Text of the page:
Abstract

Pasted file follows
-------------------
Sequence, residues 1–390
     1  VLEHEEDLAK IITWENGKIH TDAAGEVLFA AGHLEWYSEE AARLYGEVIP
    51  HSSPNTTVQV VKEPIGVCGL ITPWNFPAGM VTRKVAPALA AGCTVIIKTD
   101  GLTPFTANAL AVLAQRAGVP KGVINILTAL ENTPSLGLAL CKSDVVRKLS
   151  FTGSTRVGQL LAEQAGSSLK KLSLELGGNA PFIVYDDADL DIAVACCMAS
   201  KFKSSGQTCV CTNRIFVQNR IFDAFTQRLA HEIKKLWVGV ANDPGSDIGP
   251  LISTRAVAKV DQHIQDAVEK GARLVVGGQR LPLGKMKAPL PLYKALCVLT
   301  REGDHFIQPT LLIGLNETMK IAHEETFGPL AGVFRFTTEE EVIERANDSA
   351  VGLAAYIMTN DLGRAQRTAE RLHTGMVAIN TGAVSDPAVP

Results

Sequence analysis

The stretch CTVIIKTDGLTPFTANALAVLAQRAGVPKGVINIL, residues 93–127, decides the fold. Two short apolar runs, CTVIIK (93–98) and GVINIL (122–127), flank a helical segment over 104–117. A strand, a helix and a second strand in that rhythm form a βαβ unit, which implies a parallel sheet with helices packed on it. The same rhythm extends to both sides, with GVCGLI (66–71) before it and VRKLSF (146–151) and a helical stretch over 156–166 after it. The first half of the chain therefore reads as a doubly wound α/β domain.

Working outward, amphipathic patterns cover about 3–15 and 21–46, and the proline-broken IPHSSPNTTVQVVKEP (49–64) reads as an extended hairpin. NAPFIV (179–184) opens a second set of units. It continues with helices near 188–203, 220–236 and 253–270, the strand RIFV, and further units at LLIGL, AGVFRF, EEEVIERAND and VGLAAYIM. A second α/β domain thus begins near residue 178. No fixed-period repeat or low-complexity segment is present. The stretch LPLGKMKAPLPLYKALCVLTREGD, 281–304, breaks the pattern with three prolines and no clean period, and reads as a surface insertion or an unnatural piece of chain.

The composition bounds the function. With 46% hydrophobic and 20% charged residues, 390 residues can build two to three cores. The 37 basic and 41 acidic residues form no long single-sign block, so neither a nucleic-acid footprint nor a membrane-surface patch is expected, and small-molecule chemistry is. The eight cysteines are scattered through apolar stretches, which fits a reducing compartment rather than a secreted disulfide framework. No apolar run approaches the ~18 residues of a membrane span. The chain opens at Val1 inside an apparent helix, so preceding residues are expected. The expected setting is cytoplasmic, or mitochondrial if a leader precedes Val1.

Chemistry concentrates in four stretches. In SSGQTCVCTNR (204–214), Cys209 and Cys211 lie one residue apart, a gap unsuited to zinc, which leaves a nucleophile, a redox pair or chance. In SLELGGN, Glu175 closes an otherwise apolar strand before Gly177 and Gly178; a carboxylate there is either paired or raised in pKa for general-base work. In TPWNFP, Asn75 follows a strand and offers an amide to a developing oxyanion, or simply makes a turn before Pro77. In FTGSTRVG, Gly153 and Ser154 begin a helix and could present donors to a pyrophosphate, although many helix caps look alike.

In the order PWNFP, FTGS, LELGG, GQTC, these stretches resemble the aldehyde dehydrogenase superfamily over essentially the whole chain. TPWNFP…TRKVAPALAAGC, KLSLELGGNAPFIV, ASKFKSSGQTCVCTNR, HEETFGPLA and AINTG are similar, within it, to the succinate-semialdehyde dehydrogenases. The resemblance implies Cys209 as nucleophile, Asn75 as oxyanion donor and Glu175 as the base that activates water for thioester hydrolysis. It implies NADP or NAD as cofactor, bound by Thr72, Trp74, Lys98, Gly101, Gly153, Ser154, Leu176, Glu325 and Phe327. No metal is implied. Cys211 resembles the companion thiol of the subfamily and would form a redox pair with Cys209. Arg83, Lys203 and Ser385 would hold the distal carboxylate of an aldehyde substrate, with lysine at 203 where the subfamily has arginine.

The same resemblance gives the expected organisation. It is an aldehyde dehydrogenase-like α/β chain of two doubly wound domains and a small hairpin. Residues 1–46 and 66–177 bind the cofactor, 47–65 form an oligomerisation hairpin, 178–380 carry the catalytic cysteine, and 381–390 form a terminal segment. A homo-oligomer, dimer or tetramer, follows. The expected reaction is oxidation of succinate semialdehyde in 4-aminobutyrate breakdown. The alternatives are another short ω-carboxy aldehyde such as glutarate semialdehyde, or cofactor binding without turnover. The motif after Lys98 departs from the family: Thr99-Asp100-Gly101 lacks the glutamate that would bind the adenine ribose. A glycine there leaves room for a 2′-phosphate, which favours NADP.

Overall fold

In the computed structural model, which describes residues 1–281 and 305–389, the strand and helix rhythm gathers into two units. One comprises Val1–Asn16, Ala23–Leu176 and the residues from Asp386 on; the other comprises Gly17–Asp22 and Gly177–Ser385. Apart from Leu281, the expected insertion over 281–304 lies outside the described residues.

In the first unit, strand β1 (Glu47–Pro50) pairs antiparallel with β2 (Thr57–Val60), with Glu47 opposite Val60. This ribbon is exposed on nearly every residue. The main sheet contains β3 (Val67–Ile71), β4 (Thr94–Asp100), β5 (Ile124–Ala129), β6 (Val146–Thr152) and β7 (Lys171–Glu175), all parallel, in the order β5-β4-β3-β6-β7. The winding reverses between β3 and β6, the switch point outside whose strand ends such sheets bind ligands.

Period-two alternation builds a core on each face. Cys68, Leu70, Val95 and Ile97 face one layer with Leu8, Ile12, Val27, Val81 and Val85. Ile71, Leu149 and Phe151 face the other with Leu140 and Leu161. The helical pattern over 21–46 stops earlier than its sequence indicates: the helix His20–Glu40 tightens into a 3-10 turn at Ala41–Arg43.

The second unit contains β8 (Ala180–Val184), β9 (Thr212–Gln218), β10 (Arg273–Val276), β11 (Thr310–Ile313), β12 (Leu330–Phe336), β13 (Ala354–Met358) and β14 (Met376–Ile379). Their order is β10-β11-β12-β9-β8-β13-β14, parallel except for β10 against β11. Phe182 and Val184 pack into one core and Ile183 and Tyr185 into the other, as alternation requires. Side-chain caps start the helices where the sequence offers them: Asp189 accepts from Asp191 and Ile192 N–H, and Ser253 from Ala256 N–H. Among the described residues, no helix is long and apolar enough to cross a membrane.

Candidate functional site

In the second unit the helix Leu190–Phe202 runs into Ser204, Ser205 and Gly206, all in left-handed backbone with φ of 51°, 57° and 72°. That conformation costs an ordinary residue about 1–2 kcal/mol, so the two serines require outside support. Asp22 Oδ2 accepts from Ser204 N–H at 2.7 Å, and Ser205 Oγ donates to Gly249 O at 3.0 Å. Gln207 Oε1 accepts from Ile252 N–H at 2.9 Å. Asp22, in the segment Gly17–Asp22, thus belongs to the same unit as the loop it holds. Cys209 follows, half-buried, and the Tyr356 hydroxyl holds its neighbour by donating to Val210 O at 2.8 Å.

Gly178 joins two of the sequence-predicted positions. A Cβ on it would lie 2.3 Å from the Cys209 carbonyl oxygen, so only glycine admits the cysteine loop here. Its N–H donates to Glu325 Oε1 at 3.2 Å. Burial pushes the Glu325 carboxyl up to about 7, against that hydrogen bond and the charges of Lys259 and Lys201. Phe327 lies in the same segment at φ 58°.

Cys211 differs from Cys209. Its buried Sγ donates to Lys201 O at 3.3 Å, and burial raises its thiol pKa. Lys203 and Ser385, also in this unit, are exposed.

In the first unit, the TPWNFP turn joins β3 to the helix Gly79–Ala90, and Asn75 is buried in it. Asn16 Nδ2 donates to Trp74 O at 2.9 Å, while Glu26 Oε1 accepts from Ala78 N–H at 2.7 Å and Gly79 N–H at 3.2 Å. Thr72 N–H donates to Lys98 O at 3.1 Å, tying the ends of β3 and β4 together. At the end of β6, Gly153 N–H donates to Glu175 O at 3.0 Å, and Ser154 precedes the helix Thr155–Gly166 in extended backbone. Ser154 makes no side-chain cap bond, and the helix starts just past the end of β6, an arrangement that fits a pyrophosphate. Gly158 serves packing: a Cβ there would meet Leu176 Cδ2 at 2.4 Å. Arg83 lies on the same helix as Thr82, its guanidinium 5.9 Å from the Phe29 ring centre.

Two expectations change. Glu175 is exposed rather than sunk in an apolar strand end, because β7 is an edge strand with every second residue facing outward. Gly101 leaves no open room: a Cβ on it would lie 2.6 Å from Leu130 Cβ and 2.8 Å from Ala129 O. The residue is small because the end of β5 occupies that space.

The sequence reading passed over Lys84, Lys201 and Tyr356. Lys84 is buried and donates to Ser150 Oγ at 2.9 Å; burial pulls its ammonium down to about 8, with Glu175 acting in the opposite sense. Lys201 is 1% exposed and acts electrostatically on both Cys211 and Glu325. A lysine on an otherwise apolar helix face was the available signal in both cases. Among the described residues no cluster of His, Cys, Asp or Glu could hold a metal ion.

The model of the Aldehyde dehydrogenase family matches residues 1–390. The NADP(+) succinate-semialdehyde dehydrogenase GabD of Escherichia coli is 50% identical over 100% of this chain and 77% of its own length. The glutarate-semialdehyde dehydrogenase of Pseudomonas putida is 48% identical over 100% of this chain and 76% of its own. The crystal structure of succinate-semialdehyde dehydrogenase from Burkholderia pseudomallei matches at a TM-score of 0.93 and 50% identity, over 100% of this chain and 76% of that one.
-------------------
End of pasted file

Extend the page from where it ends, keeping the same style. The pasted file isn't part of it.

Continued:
Improvement of the high velocity oxy-fuel deposition (HVOF) process in the last decade has enhanced the microstructure of coatings in order to better perform against wear and corrosion. Indeed cermet and metal HVOF coatings are reliable and have excellent performance under slurry erosion and provide therefore an alternative to the use of high-priced material. This paper presents the results of a study undertaken within the core research program of the National Research Council of Canada technology group in surface engineering, "SURFTEC", in which the performance of ten HVOF erosion-resistant coatings was evaluated. Ten different types of HVOF coatings were studied including: six grades of WC with either Co or a Ni based matrix, one grade of Cr3C2 in a Ni-Cr matrix, and three grade of metallic alloy: Ni alloy, Co alloy and a SS 316- L. The performance of coatings was evaluated with respect to: the volume ratio and composition of metallic binder in carbide coatings, type of carbide, coating microstructure, impinging angle and the size of the erodent particles. All coatings were produced using the HVOF JP-5000 system controlled by the Hawcs-ll controller. Slurry erosion tests were conducted with a jet impingement rig with a 10 %w/w alumina particle/water slurry. The volume loss of material under various slurry erosion conditions was related to the coating properties and microstructure. Results indicate that the behavior of HVOF sprayed materials is dependent on the erodent particle size, to the erosion impinging angle to some extent and to the corrosion resistance of the cermet matrix.

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